- The Morality of Corporal Punishment on Children In order for a house to stand, there must be a strong foundation. The same is true in a society; if children are raised with strong discipline, the civilization that they lead will also stand strong. In many circumstances, parents find the situation appropriate to control their children through physical means in order to ensure a negative action is not repeated. This notion is ideal in theory; however, some people see a negative effect that it has on the children.... [tags: Suffering, Pain, Corporal punishment, Spanking]
1255 words (3.6 pages)
- The Concept of Tyranny in Literature All social contract theorists and classical thinkers understand tyranny to be someone (or government) with unrestrained power that is unjust or unfair to the body, it governs. They each share some views about the effects of tyranny but they have different views on the preventions and the circumstances that give rise to tyranny. In the end, Locke has the most effective ideas as opposed to Plato and Hobbes. Although, they are all equally great minds, based on the democracy that Americans hold true, Locke’s analysis can be the only logical means of proposed prevention.... [tags: Tyranny Plato John Locke Governmental Essays]
1320 words (3.8 pages)
- Can a person gain complete liberty in a modern democracy. Majority of the people will argue that a democratic government guarantees the freedom of the people and protects the rights of the individuals. However, John Stuart Mill, an English philosopher, claimed otherwise. In his book, On Liberty, Mill believed that there is tyranny in a modern democracy and it takes the form of mass opinion and mass society, and he claimed that individuality can help guard oneself against it. In On Liberty, Mill claimed that in a modern society, tyranny exists in different forms.... [tags: Person, Individual, Tyranny of the majority]
1085 words (3.1 pages)
- Guilt, Suffering, Confession and Redemption in Crime and Punishment "You keep lying!" screamed Raskolnikov, no longer able to restrain himself. "You're lying, you damned clown!" And he flung himself on Porfiry, who retired to the doorway, but without a trace of panic. "I understand everything, everything!" He approached Porfiry. "You're lying and taunting me so Ill give myself away-" "You can't give yourself away any more than you have already, Rodion Romanovich, old man. Why, you've gone into a state.... [tags: Crime Punishment Essays]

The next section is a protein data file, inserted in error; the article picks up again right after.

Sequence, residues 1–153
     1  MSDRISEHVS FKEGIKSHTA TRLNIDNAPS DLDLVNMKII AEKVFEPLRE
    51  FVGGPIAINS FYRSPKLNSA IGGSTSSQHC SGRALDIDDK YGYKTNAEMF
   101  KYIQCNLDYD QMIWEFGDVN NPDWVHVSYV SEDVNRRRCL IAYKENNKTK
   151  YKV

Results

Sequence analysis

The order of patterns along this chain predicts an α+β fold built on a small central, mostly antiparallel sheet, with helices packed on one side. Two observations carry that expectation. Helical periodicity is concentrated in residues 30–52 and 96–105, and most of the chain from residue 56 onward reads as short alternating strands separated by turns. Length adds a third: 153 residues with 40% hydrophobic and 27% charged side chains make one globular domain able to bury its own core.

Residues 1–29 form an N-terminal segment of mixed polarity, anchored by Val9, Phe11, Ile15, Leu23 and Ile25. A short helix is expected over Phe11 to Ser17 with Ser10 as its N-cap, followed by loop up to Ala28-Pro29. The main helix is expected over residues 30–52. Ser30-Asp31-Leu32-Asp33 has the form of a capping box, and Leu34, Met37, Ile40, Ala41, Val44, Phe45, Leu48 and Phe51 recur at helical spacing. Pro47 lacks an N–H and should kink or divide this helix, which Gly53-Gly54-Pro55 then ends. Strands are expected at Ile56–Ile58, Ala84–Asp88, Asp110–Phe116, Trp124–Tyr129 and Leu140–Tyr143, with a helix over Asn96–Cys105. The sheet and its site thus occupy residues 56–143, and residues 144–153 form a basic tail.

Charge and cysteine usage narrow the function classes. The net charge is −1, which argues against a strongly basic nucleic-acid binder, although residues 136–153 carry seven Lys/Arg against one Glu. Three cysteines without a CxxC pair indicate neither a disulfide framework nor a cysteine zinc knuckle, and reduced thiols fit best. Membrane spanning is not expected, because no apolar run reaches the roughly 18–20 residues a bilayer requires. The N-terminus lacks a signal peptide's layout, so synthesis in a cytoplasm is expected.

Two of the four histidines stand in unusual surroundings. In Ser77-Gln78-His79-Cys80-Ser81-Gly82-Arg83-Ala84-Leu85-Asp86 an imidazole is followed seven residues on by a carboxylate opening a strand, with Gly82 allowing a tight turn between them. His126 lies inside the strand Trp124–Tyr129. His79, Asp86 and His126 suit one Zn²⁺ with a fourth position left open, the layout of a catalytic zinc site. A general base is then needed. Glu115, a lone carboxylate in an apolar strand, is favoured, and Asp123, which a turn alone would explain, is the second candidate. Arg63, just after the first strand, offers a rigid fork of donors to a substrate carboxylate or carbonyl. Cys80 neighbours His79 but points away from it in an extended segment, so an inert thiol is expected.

2985 words (8.5 pages)
- Crime and Punishment - Suffering, Death, and Resurrection Fyodor Dostoevsky wrote the novel, Crime and Punishment, during a turbulent time in Russian history. Yet his work will speaks to any age. Dostoevsky wrote to warn against what he considered the negative effects of the trend of nihilism and rational egoism. He advances this objective by employing themes of suffering, resurrection, and death--all of these currents running through a surprisingly benevolent universe. If Dostoevsky's fellow Russian Marx was correct in stating that religion is the opiate of the people, then suffering is the proverbial needle that injects it into a person.... [tags: Dostoevsky Crime and Punishment]
562 words (1.6 pages)
- In many places throughout the world and almost every person on the planet people go through or witness suffering and death everyday. I have experience and lived through suffering. Many people have different explanations for the reason of these terrible things but could this happen to benefit us. Martin Luther king say’s suffering is creative and redemptive but not in the original meanings we think. The meaning I associate with suffering is an uncomfortable state for an amount of time.... [tags: essays research papers]
460 words (1.3 pages)